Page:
Two kinds of tinnitus can affect a person’s hearing – objective tinnitus or subjective tinnitus. Your symptoms will depend on which type of tinnitus you are experiencing. Objective tinnitus can be heard by a healthcare professional examining the ear and sometimes by another person standing close to the affected person’s ear. Objective tinnitus is usually caused by a vascular disorder or even a muscular disorder with the noises keeping in synch with the heartbeat. Objective tinnitus can usually be treated with either surgery or medication.
Subjective tinnitus is the more common kind of tinnitus that affects people. Someone who is affected by a case of subjective tinnitus is the only one who is able to hear the buzzing, whirring, hissing, or ringing in their ears. The symptom of subjective tinnitus are caused by a number of illnesses and is a side effect of hearing loss caused by damage to the inner ear’s delicate nerve endings. Sometimes the severity of subjective tinnitus will depend on the person’s ability to handle it. Some people can go on about their normal daily routines with experiencing just a little irritation to the noises they are hearing that no one else hears. On the other hand, some people end up not being able to sleep or continue functioning in a normal way. The difference in the two is most likely due to the fact that the noise levels that tinnitus can cause may be different in auditory levels.
Some symptoms of tinnitus are obvious to those around someone who is experiencing tinnitus. Some signs of tinnitus include:
• The person listens for something that isn’t really there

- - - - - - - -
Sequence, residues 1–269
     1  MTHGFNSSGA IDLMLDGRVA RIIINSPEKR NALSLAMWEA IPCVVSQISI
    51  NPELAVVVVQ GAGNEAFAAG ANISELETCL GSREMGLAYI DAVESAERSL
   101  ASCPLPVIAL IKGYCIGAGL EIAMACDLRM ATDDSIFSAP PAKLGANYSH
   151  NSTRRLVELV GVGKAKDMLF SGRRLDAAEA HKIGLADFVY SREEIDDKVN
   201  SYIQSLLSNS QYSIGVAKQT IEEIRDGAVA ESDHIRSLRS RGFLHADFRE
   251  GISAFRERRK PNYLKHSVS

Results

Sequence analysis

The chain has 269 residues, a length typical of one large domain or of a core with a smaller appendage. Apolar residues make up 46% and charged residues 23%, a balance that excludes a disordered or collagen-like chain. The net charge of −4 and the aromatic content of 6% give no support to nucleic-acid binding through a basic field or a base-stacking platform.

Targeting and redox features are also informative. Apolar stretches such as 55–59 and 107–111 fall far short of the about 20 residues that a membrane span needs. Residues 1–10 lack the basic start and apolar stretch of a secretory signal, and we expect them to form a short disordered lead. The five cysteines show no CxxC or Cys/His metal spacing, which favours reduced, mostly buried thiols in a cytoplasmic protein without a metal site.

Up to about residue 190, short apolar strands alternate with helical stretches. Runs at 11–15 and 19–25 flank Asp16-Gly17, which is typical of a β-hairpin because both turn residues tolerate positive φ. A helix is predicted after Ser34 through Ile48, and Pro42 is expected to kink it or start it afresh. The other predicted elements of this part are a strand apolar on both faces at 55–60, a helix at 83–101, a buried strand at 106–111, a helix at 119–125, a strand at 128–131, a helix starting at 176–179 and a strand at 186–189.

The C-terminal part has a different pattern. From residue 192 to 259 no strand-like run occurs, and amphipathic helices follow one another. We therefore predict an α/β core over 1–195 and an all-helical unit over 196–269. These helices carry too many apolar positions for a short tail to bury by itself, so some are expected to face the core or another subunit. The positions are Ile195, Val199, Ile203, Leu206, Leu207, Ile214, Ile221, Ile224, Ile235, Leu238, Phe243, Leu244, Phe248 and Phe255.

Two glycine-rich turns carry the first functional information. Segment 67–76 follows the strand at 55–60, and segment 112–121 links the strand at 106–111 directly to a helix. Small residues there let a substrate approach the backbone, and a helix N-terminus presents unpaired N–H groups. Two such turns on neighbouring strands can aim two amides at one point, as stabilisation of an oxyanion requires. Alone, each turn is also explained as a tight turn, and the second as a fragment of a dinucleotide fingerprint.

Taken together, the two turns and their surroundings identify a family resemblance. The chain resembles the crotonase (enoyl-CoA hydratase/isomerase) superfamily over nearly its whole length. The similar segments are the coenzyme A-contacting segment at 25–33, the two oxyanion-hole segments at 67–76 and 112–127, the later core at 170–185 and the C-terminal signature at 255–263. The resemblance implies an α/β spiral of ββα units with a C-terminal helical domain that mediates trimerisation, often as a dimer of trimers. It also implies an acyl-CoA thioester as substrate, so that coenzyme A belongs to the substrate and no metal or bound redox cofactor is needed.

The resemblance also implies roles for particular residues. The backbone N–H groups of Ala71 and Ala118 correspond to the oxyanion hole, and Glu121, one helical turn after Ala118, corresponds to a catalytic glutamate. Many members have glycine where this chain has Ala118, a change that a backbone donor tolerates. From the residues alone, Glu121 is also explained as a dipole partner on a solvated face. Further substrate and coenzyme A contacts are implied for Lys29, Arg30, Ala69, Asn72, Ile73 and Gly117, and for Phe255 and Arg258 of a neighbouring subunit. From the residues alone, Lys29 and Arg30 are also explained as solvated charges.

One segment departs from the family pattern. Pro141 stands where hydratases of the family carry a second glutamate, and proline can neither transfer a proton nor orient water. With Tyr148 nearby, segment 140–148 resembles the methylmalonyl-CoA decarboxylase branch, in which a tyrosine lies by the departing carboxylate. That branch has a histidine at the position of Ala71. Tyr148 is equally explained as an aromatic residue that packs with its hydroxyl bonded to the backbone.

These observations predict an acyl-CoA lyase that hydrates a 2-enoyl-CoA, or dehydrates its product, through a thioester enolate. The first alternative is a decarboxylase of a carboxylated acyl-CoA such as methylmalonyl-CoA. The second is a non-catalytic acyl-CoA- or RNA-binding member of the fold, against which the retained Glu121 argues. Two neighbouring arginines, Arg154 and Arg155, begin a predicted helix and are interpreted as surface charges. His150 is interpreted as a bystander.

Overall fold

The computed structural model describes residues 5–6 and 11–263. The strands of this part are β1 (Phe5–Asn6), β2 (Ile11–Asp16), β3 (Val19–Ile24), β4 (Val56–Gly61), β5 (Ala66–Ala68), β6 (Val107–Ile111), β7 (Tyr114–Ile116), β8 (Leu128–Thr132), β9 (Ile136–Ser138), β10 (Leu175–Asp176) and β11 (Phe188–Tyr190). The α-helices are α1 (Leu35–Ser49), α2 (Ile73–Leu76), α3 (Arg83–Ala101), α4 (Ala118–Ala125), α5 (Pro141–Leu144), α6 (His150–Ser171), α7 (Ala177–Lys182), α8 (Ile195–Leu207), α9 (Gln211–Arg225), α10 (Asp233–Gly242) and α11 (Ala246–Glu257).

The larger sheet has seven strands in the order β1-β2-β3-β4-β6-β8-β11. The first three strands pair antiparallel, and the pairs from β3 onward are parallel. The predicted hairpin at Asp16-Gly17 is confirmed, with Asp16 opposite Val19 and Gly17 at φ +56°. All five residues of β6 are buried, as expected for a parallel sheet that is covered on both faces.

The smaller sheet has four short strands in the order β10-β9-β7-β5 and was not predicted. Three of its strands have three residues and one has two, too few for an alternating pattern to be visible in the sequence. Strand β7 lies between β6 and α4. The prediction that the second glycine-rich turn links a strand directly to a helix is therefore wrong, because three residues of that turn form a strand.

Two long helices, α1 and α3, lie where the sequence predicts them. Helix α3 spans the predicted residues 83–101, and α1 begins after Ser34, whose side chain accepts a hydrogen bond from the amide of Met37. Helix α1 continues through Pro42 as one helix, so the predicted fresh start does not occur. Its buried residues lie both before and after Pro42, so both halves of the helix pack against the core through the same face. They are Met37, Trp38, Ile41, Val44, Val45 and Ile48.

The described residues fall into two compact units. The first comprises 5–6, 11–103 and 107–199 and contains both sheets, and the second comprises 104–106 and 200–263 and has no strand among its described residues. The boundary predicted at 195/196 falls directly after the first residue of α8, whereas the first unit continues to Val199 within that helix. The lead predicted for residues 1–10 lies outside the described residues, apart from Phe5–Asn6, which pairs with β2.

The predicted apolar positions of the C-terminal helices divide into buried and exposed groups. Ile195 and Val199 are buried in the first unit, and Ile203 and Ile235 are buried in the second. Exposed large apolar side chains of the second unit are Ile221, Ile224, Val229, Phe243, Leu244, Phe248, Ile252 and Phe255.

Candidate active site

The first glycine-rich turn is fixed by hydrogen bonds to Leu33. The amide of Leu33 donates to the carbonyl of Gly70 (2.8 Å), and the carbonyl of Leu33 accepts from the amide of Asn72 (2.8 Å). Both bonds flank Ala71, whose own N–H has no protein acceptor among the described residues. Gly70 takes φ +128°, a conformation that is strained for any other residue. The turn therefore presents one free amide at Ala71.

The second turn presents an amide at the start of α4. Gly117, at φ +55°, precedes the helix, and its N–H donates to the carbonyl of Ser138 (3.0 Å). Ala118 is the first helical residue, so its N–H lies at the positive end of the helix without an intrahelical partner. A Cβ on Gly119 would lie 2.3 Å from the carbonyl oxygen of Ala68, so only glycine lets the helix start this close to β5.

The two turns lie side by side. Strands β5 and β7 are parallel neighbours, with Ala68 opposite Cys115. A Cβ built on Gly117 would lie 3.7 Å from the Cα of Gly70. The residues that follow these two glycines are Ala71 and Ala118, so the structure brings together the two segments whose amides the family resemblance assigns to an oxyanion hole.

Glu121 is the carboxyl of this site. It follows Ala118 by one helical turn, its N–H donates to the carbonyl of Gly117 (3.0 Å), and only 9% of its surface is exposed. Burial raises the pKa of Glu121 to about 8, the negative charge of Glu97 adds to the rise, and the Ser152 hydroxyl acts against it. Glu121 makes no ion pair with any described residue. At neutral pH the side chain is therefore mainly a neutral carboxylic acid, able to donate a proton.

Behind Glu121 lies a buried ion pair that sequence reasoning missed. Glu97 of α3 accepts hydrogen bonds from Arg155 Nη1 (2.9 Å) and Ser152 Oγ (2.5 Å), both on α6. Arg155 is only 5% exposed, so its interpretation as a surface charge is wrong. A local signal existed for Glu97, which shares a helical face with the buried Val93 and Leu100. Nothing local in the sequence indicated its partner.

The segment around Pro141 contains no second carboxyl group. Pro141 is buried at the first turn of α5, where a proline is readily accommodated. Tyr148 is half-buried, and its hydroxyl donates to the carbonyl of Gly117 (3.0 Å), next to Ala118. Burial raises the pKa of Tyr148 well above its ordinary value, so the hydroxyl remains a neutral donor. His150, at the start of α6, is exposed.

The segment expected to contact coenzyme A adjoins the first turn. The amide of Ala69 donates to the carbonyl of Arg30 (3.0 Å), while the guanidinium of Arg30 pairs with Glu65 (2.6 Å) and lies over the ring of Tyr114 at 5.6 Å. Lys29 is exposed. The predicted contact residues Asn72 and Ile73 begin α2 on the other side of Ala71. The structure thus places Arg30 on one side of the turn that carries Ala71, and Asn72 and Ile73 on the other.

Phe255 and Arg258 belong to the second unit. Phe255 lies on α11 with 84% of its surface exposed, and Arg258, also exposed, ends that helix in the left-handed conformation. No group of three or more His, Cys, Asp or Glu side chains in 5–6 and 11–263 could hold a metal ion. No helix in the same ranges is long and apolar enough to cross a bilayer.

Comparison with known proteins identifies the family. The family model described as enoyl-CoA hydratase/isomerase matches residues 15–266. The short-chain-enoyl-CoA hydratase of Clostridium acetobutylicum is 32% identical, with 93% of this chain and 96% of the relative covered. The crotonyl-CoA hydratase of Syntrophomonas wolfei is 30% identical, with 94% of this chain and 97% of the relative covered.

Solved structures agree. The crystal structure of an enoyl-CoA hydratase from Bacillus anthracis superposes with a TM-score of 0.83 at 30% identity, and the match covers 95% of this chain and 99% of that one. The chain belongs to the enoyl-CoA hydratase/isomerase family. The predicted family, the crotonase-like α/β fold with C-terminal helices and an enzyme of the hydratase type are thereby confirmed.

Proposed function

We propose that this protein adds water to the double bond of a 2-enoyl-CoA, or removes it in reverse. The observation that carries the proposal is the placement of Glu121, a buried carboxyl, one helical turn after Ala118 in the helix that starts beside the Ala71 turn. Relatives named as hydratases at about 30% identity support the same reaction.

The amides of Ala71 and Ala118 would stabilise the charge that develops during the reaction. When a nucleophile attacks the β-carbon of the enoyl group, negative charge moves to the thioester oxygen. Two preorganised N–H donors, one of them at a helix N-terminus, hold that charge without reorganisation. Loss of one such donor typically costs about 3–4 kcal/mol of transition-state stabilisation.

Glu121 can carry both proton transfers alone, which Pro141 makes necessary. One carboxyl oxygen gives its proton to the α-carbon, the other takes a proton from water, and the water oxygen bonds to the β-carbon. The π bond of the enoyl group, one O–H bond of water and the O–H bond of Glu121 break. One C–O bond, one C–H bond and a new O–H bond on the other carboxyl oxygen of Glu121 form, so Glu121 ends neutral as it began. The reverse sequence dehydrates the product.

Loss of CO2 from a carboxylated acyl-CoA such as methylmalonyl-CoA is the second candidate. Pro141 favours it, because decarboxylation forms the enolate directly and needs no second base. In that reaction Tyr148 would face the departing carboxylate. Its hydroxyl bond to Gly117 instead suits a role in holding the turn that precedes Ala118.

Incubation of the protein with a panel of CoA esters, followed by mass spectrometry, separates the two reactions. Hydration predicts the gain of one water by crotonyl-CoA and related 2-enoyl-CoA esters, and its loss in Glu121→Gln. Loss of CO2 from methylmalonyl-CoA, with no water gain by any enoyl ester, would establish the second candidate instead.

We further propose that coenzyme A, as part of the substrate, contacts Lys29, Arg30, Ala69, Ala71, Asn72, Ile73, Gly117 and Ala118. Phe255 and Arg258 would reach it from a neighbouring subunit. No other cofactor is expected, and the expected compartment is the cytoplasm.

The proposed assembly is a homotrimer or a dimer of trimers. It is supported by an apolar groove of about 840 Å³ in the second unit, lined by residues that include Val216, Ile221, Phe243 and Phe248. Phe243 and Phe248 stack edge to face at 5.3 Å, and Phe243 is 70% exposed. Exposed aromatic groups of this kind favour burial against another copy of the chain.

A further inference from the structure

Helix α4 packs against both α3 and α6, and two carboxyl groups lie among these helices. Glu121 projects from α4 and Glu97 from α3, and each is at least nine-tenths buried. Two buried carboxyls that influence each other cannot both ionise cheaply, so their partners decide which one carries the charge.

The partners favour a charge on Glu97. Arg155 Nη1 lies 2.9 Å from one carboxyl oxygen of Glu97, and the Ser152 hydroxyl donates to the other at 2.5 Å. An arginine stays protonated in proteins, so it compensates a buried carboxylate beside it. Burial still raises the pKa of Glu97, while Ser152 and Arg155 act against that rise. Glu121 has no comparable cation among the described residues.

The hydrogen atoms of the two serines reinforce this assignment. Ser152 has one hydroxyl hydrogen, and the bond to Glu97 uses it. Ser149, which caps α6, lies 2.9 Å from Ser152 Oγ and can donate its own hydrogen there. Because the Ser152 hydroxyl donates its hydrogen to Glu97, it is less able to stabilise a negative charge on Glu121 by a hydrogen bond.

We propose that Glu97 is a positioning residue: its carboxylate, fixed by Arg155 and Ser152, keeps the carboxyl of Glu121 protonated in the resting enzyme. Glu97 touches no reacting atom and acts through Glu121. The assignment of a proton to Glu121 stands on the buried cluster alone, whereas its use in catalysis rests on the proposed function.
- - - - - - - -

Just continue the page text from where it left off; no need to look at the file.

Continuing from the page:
• The person asks questions about something that no one else can hear
• The person may have dizziness
• Sleep and daily routines may be affected by the noises of tinnitus
When these things are happening, it’s a good time to see a doctor about your possible tinnitus. If your tinnitus has just appeared, there could be a common explanation for it. If you are taking any medications that you normally don’t take and have begun to experience the symptoms of tinnitus, check with your doctor about the side effects of these medications that may include tinnitus. If you have experienced a head injury or an injury to your ear, the onset of tinnitus symptoms may also occur.
The exact science of how tinnitus works is unknown, but theories of its causes have been proven. Even a hair that is barely touching the eardrum can cause a terribly distracting noise. Illnesses such as high blood pressure can be the culprit. The lists of illnesses that can cause a person to suffer the constant irritation of tinnitus are many and some can be serious like head and neck aneurysms. If you or someone you know is experiencing any of these symptoms of tinnitus, seek care from your doctor to determine the underlying cause. The outcome could result in more problems than just the sounds being heard inside your head!